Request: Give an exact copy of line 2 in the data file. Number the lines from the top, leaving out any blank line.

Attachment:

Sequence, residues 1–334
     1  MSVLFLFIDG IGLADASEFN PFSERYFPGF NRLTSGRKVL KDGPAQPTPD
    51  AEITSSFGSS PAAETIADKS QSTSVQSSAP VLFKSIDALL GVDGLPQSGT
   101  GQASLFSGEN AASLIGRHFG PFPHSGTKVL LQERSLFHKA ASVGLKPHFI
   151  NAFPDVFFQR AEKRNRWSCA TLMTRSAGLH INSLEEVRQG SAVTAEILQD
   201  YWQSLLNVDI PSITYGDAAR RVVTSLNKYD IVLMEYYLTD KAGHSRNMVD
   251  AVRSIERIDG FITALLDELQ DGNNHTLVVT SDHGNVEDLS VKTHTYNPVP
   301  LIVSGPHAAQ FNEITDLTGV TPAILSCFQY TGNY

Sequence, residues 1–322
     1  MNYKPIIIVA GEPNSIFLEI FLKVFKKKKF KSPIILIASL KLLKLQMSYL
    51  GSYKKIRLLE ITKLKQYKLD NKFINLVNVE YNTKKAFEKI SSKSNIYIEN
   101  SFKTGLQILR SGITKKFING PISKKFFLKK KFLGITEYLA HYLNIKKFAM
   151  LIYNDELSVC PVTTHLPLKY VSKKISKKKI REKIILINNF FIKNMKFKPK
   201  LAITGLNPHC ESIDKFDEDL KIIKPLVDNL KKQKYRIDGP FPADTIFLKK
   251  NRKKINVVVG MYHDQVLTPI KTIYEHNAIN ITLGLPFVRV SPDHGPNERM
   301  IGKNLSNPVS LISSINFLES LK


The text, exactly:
     1  MSVLFLFIDG IGLADASEFN PFSERYFPGF NRLTSGRKVL KDGPAQPTPD